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Once-bedridden, British pilot coronavirus patient now can sit up and move legs by his own

14:22 | 09/06/2020

The British pilot who is Vietnam’s most critical ill coronavirus patient is making miraculous recovery. On the evening of June 8, he could able to sit up and swing his legs as his muscular strength continues to improve during treatment at Cho Ray Hospital in Ho Chi Minh City    

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A video uploaded by Nguyen Thi Kim Tien, former Minister of Health, on Tuesday morning showed that the Briton is now able to sit on his bed and swing his legs, cited Tuoitrenews.

The Ministry of Health reported on Monday that the patient had been responding well to doctors' commands and was able to write on a board and adjust the height of his bed unassisted.

The 43-year-old pilots heath improvement surprised experts. Assoc. Prof., Dr. Luong Ngoc Khue, Director-General of the ministry’s Department of Medical Examination and Treatment, said that “For other patients, such improvement is just a normal thing, but for this patient, it is a great effort”.

Earlier, the Ministry of Health considered lung transplants for the patient. However, if he continues recovering as good as now, lung transplants are just a backup plan.

once bedridden british pilot coronavirus patient now can sit up and move legs by his own

The patient is seen on June 2 at Cho Ray hospital, Ho Chi Minh city

It has been six days since doctors at Cho Ray Hospital in Ho Chi Minh City gave the green light to disconnect the Briton from ECMO after having used the machine to provide him with cardiac and respiratory support outside the body for 57 days.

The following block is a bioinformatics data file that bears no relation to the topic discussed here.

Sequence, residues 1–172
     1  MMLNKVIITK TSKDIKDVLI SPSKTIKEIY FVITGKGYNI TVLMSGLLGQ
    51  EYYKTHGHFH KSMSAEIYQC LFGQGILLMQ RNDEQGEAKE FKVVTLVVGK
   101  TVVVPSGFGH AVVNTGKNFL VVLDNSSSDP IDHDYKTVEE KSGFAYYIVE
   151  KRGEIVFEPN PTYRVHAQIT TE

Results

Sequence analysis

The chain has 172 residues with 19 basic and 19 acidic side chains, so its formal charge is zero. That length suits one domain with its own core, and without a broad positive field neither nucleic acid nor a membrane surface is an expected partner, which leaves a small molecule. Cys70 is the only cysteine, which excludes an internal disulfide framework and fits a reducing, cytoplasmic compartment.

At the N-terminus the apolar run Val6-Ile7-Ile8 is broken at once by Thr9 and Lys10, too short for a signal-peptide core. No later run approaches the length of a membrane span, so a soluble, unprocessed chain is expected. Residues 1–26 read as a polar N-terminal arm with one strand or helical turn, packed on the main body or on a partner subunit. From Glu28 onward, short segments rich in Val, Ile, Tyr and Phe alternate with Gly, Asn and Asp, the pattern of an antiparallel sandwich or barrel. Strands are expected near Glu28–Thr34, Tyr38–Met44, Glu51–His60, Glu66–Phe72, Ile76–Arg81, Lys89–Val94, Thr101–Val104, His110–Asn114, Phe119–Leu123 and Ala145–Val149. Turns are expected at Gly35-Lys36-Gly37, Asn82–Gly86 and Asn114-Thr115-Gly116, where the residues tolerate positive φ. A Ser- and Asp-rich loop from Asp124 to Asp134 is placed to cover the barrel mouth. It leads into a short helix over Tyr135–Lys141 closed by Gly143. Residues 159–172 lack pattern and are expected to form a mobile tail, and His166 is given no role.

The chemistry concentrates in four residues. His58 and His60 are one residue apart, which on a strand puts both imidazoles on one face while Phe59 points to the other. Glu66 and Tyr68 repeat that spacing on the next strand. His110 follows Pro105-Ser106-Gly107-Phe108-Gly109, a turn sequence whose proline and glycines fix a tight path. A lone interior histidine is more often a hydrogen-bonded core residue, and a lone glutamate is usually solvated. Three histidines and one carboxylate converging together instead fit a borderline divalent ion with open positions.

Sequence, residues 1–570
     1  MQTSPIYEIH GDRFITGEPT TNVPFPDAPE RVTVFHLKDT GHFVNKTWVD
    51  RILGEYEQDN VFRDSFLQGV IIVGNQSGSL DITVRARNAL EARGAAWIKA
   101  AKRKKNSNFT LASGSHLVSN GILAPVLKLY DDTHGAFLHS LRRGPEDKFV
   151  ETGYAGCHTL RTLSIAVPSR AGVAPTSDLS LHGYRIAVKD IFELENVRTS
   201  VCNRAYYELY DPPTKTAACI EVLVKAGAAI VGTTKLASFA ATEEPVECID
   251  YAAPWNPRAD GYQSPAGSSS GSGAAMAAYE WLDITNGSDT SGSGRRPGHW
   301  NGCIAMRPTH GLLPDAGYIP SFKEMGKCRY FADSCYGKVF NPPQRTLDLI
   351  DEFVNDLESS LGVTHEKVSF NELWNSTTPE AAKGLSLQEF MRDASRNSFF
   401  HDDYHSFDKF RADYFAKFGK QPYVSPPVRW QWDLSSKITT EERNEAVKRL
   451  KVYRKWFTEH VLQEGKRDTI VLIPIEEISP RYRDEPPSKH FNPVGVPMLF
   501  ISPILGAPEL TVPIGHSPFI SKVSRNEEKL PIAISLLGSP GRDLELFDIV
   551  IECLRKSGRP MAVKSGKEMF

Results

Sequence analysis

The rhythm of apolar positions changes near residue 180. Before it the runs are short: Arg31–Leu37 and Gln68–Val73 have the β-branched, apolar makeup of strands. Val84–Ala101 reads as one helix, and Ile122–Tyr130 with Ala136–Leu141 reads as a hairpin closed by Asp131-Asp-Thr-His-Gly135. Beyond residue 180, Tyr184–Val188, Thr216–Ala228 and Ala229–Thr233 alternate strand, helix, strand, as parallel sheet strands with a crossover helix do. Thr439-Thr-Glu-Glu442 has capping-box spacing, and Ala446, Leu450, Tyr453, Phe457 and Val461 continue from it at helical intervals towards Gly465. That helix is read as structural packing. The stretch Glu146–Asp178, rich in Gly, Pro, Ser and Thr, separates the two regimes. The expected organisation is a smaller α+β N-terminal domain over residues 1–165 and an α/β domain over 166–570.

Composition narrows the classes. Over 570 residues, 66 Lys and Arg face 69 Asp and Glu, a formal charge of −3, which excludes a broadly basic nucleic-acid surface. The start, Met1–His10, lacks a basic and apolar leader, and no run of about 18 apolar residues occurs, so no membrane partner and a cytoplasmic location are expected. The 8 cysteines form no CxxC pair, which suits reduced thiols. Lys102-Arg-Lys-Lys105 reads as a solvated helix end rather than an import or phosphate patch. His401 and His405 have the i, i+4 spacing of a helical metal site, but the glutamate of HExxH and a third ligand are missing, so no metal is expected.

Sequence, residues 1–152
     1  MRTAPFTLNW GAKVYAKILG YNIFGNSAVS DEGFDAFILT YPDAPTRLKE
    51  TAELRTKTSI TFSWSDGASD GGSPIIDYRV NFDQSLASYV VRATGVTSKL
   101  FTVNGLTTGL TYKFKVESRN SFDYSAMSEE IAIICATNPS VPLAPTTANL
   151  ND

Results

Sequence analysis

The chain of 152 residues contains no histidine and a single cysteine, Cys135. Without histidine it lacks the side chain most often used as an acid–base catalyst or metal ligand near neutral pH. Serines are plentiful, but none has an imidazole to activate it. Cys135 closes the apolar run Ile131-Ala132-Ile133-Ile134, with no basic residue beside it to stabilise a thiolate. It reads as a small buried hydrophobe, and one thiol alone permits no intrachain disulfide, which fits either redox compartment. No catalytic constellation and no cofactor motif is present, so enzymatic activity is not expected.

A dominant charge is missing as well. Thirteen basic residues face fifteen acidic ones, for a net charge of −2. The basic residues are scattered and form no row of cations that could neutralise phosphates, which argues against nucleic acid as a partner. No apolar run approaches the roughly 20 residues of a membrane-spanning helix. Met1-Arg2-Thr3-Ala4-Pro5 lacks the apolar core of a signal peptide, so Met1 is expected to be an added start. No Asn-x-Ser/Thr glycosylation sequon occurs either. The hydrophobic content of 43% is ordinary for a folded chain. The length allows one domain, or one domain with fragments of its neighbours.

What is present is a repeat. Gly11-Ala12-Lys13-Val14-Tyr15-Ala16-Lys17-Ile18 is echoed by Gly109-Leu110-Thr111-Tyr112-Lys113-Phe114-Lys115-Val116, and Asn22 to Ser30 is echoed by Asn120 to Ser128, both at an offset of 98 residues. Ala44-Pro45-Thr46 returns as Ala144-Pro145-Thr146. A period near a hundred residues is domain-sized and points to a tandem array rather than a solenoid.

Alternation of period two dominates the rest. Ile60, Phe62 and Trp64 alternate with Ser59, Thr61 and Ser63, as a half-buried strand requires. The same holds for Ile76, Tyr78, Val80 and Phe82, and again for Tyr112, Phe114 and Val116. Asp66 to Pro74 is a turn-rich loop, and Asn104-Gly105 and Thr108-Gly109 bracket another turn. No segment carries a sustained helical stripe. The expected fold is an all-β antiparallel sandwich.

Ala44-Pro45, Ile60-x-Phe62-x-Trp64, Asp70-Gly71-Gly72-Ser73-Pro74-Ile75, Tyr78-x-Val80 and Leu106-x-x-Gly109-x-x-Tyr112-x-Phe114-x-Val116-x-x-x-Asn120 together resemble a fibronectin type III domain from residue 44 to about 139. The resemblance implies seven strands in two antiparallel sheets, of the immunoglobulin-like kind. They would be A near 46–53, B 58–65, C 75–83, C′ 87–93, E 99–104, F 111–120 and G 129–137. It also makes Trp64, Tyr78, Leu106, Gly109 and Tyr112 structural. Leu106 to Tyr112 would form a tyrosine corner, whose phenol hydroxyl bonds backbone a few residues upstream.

He is now fully consicous, while the musclar strength of his arms and legs has gradually improved with the help of physical therapy that he has been getting twice a day.

The patient has also tested negative for a type of bacteria that had previously caused his lung infection.

His renal function has been recovering since May 27.

He is now cleared of the novel coronavirus.

The 43-year-old pilot, hospitalized on March 18 is the most severe case in Vietnam so far.

The patient, who weighs 100 kg and 1.83 meters tall, is obese with a body mass index (BMI) of 30.1. He suffers from a blood clotting disorder and cytokine storm syndrome, an intense immune response where the immune system releases a lot of cytokines through the bloodstream which works against the body.

More than two months he was on life support. Vietnamese doctors are taking extraordinary measures to keep him alive, including more than 60 people who have volunteered as lung donors to save his life. Until now, Vietnam has spent about VND5 billion ($215,000) in this case since the patient claims he has no relatives in Vietnam.

The patient is now reportedly fully conscious, smiling, and talking to doctors at Cho Ray Hospital in Ho Chi Minh City in southern Vietnam.

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Jennifer Tran